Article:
Have an old white sheet lying around? Place it over the head, cut two holes for eyes and ta-da! You are a ghost....
The very first personal finance book that I ever read was David Bach's Smart Women Finish Rich. I was in my early 20's at the time, and it was the financial education I never got in school on how to improve your finances. It opened my eyes to a lot of things - about how spending is a reflection of our values, the power of saving consistently over time, and how to avoid common financial mistakes.
Over the years, I have read some of David Bach's other books as well, so I was looking forward to the release of his latest, The Latte Factor.
This book is different from Bach's other books. It's a parable that teaches basic personal finance concepts through the story of a young woman named Zoey. The text is very readable for a book about personal finance, and Zoey is a very relatable character. If you are having a hard time figuring out how to save for the things you want, I highly recommend it.
The weather is getting cooler, which means that it's time to consider alternatives to playing in the swimming pool and at the lake. Check out the following 50 ideas for free family fun this fall.
I was reluctant to become an Amazon shopper for years, and now, I can't imagine life without it. More than anything else, I use it to keep us stocked with necessities like toilet paper, tissues, and laundry detergent. It may not always be the cheapest option, but there is enormous value in knowing we have those things stocked, and I don't have to worry about them.
Subscribe & Save has indeed been a lifesaver for me. It means never running out of essential items like soap and toothpaste. I use Subscribe & Save for most of our household goods. You get a discount for subscribing, but more importantly, we don't run out of the things we need when I'm too busy to go to the store. However, if I still need something that I didn't subscribe to, I can order it through Amazon Prime and have it two days with no extra shipping cost.
Wondering how to save money while raising a family? You are not alone. I can't tell you how many moms have told me they can't save money because their kids always need something. I can relate. I have three kids that are continually growing out of clothes and shoes, wearing a hole in their backpack or any number of other things. With that said, it's absolutely possible to save money while raising a family.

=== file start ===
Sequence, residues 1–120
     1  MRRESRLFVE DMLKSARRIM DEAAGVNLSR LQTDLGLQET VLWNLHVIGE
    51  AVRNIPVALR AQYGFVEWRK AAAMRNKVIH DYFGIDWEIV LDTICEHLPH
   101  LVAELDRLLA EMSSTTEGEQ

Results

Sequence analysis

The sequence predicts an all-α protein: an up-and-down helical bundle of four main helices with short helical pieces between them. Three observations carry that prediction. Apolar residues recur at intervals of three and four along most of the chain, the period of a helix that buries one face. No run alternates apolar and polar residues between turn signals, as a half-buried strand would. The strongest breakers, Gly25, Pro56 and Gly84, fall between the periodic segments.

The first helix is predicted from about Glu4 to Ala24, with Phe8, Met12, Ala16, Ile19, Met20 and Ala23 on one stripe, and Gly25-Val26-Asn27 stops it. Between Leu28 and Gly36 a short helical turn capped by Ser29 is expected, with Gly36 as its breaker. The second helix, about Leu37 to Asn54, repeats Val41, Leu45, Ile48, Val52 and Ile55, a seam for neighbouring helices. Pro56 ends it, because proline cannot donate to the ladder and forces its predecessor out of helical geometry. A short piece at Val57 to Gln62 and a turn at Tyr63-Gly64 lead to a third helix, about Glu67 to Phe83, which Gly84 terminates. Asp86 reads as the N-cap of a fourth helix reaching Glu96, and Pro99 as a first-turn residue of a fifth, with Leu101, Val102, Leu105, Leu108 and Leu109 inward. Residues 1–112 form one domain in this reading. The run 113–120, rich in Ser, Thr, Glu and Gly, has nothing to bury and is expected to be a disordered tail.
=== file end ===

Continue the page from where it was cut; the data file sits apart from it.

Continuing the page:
Related post: How to Create an Annual Household Budget
First and foremost, successful saving starts with commitment. Saving consistently and automatically is essential to reaching your financial goals, but you won't be successful without a goal. Consider the following:
Once you have your goal in place, automate those savings deposits. You can do this in a couple of ways:
Have you considered what lessons you want your children to learn about money? As a financial advisor who works with people on some deeply ingrained money issues, I have thought A LOT about what I want my kids to learn about money. The thing is, if you don't think about it in advance, you could miss some great teachable moments.
My kids are all getting to the age where they are having a better understanding of money. Even at such a young age, they all seem to have a unique relationship with money. If I could share one ounce of wisdom with them, it's that they are in control of their own financial situation. It's interesting, though. My youngest, who is seven, seems to have the clearest concept of money. My daughter, who is ten, spends money the instant she gets it. I don't think she cares what she spends it on. She just loves to spend money.
My oldest, who is 12, is just starting to get the picture. I will say that his experience with Boy...